Businesses will be subject to a new labelling law from today, in a move that will impact 2m people in the UK with food allergies.
The law is known as Natasha’s Law, following the death of teenage girl Natasha Ednan-Laperouse, who died after eating a sandwich on a flight. The sandwich was not required to have ingredients labelling at the time.
Under the new legislation, businesses will be forced to label all food that is prepacked for direct sale with a full list of ingredients, with the 14 major allergens emphasised in the list.
Products now required to be labelled include pre-wrapped sandwiches, fast food already in packaging before a customer places their order, and supermarket items like cheeses and meat from the deli counter that are already wrapped and ready to be served.
Some 2m people live with food allergies, intolerances and coeliac disease across the country.
Food items that are pre-packaged in a different location to where they are sold already require full labelling with an emphasis on allergens. The new law will impact food packaged at the same place they’re sold.
“If these changes drive down the number of hospital admissions caused by food allergies, which has increased threefold over the past 20 years, and prevent further tragic deaths such as Natasha’s, that can only be a positive thing,” FSA chief executive Emily Miles said.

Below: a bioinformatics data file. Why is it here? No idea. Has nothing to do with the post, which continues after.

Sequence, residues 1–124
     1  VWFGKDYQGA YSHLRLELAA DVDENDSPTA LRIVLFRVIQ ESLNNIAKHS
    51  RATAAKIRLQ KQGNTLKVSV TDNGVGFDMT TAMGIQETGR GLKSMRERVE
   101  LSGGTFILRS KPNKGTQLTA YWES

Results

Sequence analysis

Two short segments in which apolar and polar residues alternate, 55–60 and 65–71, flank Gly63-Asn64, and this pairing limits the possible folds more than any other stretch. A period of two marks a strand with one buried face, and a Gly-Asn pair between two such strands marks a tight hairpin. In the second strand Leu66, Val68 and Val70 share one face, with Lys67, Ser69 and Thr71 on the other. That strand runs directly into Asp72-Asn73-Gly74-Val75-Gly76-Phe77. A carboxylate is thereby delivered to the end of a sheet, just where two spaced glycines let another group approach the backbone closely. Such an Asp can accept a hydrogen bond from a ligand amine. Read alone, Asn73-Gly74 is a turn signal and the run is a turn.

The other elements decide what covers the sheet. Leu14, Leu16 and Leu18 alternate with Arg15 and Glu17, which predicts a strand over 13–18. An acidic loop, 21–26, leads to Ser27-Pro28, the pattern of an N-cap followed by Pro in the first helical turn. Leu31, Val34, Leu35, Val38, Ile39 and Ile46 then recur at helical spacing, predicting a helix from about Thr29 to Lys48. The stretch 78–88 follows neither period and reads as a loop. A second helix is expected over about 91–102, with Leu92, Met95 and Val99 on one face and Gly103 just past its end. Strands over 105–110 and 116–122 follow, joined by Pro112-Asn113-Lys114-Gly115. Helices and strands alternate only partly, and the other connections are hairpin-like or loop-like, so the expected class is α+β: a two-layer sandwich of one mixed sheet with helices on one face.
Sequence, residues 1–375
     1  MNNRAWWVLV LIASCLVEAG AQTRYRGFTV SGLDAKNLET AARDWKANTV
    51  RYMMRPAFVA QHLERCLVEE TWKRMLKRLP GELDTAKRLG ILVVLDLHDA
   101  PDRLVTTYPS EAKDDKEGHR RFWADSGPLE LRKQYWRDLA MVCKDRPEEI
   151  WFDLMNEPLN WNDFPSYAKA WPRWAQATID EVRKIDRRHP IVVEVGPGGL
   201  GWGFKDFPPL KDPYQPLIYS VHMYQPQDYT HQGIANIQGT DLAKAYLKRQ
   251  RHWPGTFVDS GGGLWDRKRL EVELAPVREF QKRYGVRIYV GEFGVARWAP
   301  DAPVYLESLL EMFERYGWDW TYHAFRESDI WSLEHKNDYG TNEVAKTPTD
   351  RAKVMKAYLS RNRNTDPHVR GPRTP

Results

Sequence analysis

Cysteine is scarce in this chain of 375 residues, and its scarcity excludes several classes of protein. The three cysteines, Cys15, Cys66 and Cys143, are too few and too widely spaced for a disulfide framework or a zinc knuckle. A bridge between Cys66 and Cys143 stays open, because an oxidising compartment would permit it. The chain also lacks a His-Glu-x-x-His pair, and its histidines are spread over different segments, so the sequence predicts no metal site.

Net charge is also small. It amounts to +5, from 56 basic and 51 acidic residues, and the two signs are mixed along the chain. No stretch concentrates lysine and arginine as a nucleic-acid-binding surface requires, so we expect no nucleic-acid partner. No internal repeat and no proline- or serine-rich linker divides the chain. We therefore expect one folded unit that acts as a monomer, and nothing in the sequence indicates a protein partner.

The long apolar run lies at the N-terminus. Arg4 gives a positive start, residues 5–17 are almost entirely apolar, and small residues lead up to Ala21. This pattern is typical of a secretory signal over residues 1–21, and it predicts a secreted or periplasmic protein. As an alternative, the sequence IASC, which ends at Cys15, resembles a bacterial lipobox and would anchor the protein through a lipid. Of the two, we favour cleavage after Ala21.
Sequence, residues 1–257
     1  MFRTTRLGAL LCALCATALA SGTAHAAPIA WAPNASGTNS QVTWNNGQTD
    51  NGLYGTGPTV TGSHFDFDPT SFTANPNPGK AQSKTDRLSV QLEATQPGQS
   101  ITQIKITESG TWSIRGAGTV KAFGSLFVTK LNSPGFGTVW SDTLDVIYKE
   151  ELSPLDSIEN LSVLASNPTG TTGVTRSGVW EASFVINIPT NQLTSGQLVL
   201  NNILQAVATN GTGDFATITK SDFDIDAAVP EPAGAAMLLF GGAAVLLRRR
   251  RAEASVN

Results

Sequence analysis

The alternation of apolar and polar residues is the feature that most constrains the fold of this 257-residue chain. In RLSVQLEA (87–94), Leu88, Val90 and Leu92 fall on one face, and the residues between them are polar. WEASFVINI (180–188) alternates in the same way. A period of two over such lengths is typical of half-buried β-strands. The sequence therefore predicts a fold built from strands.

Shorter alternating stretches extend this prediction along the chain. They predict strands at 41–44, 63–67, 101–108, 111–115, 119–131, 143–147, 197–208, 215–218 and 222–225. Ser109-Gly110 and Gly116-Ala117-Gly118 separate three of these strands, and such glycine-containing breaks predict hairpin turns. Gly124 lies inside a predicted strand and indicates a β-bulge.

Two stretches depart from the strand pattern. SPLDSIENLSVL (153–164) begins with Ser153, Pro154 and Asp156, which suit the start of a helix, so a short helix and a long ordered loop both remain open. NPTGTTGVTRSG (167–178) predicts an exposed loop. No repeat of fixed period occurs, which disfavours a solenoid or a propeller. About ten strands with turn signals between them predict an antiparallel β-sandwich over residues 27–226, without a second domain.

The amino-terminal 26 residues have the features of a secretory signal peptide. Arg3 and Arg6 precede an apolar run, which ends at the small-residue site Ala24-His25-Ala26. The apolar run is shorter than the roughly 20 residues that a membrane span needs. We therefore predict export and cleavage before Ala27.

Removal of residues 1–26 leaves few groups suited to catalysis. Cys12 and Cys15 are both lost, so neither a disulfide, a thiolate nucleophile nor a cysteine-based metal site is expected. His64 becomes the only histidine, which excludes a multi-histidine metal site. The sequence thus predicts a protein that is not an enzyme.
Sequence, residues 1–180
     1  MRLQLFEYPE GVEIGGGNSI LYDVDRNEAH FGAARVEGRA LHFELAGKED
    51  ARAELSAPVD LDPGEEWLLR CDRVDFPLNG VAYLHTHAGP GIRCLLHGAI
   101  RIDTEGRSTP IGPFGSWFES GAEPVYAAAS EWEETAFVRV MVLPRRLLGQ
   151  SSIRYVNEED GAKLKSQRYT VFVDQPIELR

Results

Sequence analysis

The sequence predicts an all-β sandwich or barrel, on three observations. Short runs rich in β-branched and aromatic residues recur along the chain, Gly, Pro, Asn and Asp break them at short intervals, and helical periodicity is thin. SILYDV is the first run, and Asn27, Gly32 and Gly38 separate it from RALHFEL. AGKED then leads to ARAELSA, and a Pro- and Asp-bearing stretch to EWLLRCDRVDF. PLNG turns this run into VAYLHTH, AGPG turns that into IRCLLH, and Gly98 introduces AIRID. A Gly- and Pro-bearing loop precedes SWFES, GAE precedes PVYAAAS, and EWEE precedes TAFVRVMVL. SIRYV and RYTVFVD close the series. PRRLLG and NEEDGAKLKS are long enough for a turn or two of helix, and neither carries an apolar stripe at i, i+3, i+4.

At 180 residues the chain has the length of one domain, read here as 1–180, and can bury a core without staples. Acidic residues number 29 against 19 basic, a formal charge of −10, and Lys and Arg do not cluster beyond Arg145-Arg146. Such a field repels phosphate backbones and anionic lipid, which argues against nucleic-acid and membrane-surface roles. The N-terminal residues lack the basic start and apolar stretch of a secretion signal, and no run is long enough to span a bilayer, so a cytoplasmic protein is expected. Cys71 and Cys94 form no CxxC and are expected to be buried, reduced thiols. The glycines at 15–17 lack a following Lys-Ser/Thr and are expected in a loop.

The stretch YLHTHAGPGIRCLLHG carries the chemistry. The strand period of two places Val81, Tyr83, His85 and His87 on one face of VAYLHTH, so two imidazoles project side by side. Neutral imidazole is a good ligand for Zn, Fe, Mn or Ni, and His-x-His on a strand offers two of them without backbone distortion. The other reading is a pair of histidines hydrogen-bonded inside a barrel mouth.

She added: “I understand how difficult the past 18 months have been for food businesses, and I am grateful for the effort that so many have made to prepare for the changes.”
Local authorities have been advised to deal with minor errors through guidance in the early months of the legislation’s introduction.
Except where circumstances require immediate action, local authorities responsible for enforcing the law are being advised to take a proportionate and risk-based approach to breaches of the law.
The FSA is advising that minor errors are dealt with through extra guidance and support with the changes, particularly during the early months.
Natasha’s parents, Nadim and Tanya Ednan-Laperouse, said the introduction of the law was a “bittersweet moment” for them.
“We are delighted that people with food allergies will now have great protection through improved labelling and we know in our hearts that Natasha would be very proud of a new law in her name. However, the new law also reminds us that Natasha’s death was completely avoidable,” they added.